Indeed, how easy is it to say, “Thank you.” But oftentimes, we fail to do so. The Bible is replete with stories of not giving thanks to the person who has done something great for them. One such story was recorded in Luke 17:11-19. As Jesus went to a village, ten men who had leprosy (the Greek word was used for various diseases affecting the skin – not necessarily leprosy) met him. They stood at a distance and called out n a loud voice, “Jesus, Master, have pity on us!”
When Jesus saw them, he said, “Go, and show yourselves to the priests.” And as they went, they were cleansed. One of them, when he saw he was healed, came back, praising God in loud voice. He threw himself at Jesus’ feet and thanked the Healer.
Jesus wondered: “Were not all ten cleansed? Where are the other nine? Was no one found to return and give praise to God except this person?”
“Gratitude,” Cicero states, “is not only the greatest of virtues, but the parent of all others.” But “we often take for granted the very things that most deserve our gratitude,” Cynthia Ozick reiterates. A Chinese proverb urges that when you eat bamboo sprouts, always remember the man who planted them.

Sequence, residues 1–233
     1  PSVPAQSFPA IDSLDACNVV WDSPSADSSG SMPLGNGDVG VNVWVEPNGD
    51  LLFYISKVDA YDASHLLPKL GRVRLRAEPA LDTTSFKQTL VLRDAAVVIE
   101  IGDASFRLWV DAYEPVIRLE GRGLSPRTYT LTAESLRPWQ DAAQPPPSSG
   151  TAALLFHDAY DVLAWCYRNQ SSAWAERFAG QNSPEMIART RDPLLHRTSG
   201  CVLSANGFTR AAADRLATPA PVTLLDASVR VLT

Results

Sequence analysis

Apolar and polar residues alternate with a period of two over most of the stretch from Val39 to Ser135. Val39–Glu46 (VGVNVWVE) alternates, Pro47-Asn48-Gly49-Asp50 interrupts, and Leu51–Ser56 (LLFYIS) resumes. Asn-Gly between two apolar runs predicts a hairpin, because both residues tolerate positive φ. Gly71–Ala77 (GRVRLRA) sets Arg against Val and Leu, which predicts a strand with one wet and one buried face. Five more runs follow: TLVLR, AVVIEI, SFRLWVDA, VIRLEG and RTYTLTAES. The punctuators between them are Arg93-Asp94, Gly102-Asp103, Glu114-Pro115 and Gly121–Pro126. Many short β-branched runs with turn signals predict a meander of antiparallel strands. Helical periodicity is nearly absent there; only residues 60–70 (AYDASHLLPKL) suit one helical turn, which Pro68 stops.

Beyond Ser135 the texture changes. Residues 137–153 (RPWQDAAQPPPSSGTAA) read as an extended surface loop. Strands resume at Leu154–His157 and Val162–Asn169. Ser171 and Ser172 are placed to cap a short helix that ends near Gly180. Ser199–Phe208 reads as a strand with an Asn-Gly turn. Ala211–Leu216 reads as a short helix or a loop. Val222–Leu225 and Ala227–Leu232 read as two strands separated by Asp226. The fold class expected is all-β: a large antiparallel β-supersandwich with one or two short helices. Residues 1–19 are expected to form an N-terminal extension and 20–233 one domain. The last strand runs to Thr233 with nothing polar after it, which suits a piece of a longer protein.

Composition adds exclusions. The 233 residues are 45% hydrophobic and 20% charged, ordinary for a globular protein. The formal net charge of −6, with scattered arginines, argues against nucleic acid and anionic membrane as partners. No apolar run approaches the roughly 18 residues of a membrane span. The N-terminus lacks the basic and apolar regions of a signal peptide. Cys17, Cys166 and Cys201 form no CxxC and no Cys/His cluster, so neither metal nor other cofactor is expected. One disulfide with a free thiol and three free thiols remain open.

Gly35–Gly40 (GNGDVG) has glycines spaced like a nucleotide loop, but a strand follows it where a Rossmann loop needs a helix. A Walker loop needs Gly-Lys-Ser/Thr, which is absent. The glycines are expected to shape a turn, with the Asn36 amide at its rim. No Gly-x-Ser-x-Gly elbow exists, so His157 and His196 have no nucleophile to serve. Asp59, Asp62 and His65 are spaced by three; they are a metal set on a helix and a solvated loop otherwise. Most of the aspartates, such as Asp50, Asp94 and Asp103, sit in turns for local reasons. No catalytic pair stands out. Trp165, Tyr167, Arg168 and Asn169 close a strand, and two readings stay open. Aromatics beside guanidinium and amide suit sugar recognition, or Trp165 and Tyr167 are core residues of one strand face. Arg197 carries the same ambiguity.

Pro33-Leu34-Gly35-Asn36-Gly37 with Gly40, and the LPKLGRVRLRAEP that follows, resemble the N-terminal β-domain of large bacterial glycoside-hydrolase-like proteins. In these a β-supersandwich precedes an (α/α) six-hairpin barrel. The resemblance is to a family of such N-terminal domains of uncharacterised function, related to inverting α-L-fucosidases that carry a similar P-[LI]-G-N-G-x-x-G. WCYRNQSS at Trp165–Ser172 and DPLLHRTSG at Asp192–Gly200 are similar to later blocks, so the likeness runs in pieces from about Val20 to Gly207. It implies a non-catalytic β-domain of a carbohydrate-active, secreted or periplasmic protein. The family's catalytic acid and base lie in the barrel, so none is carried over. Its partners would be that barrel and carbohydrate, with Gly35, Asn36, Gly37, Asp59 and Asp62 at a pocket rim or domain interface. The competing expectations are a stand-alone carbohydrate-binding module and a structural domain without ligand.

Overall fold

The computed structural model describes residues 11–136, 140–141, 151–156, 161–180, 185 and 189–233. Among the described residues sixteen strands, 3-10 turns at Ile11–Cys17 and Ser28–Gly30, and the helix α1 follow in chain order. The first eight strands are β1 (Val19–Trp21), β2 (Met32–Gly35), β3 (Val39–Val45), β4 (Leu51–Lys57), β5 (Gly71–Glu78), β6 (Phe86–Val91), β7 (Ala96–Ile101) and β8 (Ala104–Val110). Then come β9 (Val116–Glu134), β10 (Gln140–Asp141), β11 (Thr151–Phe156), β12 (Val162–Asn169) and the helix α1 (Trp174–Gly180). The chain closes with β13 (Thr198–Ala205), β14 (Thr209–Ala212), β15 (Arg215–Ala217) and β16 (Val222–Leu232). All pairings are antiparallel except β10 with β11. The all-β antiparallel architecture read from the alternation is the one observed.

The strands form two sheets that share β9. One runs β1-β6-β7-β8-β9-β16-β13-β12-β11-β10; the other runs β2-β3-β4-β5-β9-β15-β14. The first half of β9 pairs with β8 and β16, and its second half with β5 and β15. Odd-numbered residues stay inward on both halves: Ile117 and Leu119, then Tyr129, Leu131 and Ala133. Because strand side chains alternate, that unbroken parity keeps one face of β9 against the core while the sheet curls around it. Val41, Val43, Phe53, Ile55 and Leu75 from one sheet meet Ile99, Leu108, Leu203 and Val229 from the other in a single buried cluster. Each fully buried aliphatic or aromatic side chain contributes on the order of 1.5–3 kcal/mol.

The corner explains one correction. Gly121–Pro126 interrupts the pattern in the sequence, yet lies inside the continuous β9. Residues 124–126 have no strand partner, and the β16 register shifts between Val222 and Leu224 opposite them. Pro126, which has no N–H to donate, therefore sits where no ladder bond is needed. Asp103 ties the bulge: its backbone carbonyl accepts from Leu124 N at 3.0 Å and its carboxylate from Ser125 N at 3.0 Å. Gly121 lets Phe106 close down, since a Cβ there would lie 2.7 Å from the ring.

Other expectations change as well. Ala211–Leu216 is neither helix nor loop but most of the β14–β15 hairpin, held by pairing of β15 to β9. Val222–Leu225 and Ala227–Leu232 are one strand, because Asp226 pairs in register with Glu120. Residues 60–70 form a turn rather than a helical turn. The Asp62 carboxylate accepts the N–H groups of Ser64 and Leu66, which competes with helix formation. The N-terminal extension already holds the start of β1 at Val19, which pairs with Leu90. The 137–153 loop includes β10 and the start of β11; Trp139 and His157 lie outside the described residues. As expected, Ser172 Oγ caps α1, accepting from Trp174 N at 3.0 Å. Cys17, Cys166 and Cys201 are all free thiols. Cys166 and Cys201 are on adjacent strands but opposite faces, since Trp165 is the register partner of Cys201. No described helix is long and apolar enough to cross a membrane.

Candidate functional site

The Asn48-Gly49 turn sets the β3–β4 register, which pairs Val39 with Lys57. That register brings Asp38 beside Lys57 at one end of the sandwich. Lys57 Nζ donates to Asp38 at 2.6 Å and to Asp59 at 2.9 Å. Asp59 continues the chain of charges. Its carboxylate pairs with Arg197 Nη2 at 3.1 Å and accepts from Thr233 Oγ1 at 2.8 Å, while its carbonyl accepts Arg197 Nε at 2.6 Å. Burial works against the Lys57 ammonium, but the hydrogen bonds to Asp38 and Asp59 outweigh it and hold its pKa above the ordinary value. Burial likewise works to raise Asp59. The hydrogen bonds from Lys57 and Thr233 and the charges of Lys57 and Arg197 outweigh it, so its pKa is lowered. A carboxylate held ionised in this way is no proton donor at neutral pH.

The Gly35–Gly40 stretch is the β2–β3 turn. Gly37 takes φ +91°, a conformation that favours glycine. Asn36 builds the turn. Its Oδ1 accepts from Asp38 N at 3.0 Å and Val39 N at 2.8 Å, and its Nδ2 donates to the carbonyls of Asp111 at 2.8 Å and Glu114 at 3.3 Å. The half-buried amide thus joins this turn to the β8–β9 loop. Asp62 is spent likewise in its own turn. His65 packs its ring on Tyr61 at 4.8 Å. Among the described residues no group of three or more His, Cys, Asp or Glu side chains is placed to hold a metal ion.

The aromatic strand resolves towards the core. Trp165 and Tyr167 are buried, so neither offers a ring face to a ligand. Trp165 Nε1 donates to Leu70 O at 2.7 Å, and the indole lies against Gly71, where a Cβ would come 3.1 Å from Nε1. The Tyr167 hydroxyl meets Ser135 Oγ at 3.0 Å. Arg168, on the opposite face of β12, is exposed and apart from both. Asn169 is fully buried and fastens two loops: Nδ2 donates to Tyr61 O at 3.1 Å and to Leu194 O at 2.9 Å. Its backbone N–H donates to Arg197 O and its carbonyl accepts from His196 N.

Silent gratitude isn’t much use to a person who deserves it. How to be grateful, Albert Schweitzer instructs, “To educate yourself for the feeling of gratitude means to take nothing for granted, but to always seek out and value the kind that will stand behind the action. Nothing that is done for you is a matter of course. Everything originates in a will for the good, which is directed at you. Train yourself never to put off the word or action for the expression of gratitude.”